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An Examination of Racial Discrimination in the Labor Market for Recent College Graduates: Estimates from the Field

Author

Listed:
  • John M. Nunley
  • Adam Pugh
  • Nicholas Romero
  • Richard Alan Seals, Jr.

Abstract

We present experimental evidence from a correspondence test of racial discrimination in the labor market for recent college graduates. Online job advertisements were answered with over 9,000 résumé s from fictitious, recently-graduated job seekers. We find strong evidence of differential treatment by race: black applicants receive approximately 14 percent fewer interview requests than their otherwise identical white counterparts. The racial gap in employment opportunities increases as perceived productivity characteristics are added, which is difficult to reconcile with models of statistical discrimination. We investigate different channels through which the observed racial differences might occur and conclude that taste-based discrimination at the race-skill level is the most likely explanation. The racial differences identified operate primarily through customer-level discrimination.

Suggested Citation

  • John M. Nunley & Adam Pugh & Nicholas Romero & Richard Alan Seals, Jr., 2014. "An Examination of Racial Discrimination in the Labor Market for Recent College Graduates: Estimates from the Field," Auburn Economics Working Paper Series auwp2014-06, Department of Economics, Auburn University.
  • Handle: RePEc:abn:wpaper:auwp2014-06
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    File URL: https://cla.auburn.edu/econwp/Archives/2014/2014-06.pdf
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    References listed on IDEAS

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    Cited by:

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    2. Zschirnt, Eva & Ruedin, Didier, 2016. "Ethnic discrimination in hiring decisions: A meta-analysis of correspondence tests 1990–2015," EconStor Preprints 142176, ZBW - Leibniz Information Centre for Economics.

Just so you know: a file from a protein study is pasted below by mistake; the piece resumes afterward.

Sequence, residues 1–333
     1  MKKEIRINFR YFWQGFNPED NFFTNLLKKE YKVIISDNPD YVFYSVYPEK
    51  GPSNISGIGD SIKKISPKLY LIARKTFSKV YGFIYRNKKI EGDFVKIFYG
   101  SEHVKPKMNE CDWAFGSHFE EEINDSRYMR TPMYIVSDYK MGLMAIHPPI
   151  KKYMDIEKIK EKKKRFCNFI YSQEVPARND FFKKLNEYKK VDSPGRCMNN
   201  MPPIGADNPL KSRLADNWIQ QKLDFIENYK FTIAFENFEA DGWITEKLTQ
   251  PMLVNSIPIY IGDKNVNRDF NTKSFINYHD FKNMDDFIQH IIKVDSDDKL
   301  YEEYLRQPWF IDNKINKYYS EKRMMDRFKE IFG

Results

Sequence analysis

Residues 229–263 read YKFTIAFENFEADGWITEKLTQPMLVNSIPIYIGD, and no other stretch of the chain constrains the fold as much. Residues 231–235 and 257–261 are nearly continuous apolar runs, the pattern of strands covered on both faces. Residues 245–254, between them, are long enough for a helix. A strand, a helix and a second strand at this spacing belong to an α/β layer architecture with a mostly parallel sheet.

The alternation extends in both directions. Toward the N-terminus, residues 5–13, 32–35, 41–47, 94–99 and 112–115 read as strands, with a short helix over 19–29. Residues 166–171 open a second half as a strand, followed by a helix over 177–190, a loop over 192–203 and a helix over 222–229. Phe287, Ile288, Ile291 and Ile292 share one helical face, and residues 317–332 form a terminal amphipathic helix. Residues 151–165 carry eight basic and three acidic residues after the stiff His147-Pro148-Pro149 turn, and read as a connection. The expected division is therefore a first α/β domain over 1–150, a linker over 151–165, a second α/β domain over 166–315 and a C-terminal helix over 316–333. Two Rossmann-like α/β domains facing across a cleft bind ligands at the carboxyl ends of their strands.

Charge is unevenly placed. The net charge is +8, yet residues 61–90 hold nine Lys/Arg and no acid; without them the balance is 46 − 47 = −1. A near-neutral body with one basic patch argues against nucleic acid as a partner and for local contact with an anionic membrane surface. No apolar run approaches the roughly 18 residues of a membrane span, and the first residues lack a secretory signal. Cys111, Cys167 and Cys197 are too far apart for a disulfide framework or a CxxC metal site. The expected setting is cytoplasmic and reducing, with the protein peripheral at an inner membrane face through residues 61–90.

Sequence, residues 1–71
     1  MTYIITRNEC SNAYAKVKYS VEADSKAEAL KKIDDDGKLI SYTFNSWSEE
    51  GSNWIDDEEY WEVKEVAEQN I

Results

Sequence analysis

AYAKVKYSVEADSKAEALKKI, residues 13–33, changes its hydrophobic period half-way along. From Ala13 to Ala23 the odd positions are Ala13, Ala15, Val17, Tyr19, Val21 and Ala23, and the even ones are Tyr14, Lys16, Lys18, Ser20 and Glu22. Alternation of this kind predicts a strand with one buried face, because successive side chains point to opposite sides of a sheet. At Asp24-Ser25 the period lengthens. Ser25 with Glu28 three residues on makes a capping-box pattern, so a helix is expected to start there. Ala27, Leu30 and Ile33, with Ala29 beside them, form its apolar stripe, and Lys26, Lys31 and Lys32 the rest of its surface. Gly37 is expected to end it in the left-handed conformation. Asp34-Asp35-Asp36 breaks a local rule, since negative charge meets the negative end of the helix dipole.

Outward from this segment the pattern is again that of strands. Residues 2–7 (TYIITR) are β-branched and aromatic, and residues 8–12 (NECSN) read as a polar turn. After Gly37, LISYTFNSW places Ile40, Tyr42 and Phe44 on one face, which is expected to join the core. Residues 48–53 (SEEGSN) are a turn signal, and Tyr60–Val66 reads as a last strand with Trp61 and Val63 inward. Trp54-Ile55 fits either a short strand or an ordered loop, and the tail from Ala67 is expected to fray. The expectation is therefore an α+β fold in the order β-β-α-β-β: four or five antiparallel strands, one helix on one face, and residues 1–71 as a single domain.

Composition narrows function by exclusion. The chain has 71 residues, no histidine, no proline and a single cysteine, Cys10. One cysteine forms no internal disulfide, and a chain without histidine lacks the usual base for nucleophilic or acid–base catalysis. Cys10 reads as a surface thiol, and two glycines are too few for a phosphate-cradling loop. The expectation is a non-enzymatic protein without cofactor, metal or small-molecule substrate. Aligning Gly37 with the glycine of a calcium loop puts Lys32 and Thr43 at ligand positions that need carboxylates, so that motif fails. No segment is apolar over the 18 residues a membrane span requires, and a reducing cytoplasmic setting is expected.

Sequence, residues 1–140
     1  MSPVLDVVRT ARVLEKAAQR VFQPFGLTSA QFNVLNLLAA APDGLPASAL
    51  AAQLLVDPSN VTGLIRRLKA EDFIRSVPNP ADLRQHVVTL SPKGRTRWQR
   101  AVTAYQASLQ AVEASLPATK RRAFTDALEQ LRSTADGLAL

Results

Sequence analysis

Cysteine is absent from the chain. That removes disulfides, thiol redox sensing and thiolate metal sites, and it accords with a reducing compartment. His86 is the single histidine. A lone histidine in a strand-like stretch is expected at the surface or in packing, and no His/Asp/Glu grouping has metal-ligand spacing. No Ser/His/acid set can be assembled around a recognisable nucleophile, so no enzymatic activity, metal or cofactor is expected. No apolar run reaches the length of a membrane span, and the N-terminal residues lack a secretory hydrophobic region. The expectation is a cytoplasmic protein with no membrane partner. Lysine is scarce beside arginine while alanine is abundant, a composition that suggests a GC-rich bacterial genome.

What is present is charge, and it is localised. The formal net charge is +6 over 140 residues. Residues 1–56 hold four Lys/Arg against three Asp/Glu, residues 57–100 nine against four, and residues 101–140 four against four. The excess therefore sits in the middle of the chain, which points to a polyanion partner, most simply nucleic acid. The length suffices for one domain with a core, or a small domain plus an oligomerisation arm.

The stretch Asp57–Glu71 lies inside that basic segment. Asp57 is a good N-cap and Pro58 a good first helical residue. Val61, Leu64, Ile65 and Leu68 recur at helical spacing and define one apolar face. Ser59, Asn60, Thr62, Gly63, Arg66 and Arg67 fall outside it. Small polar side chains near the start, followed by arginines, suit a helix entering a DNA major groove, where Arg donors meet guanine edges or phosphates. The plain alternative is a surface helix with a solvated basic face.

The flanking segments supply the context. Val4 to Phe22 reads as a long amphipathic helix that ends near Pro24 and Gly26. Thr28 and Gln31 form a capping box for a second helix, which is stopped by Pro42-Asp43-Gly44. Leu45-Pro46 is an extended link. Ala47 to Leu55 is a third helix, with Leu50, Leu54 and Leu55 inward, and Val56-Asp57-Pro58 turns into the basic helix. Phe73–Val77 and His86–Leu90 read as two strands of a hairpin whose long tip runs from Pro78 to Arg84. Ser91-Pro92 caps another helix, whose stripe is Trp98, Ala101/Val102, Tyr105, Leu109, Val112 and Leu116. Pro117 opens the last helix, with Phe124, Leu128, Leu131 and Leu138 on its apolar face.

3. Scott Middleton & Jinhua Zhao, 2020. "Discriminatory attitudes between ridesharing passengers," Transportation, Springer, vol. 47(5), pages 2391-2414, October.
    4. Yemane, Ruta, 2020. "Cumulative disadvantage? The role of race compared to ethnicity, religion, and non-white phenotype in explaining hiring discrimination in the U.S. labour market," EconStor Open Access Articles and Book Chapters, ZBW - Leibniz Information Centre for Economics.
    5. Ruomeng Cui & Jun Li & Dennis J. Zhang, 2020. "Reducing Discrimination with Reviews in the Sharing Economy: Evidence from Field Experiments on Airbnb," Management Science, INFORMS, vol. 66(3), pages 1071-1094, March.
    6. Nekeisha Spencer & Mikhail-Ann Urquhart & Patrice Whitely, 2020. "Class Discrimination? Evidence from Jamaica: A Racially Homogeneous Labor Market," Review of Radical Political Economics, Union for Radical Political Economics, vol. 52(1), pages 77-95, March.

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    More about this item

    Keywords

    Racial Discrimination; Employment; Productivity; Field Experiments; Correspondence Studies;
    All these keywords.

    JEL classification:

    • J23 - Labor and Demographic Economics - - Demand and Supply of Labor - - - Labor Demand
    • J24 - Labor and Demographic Economics - - Demand and Supply of Labor - - - Human Capital; Skills; Occupational Choice; Labor Productivity
    • J71 - Labor and Demographic Economics - - Labor Discrimination - - - Hiring and Firing

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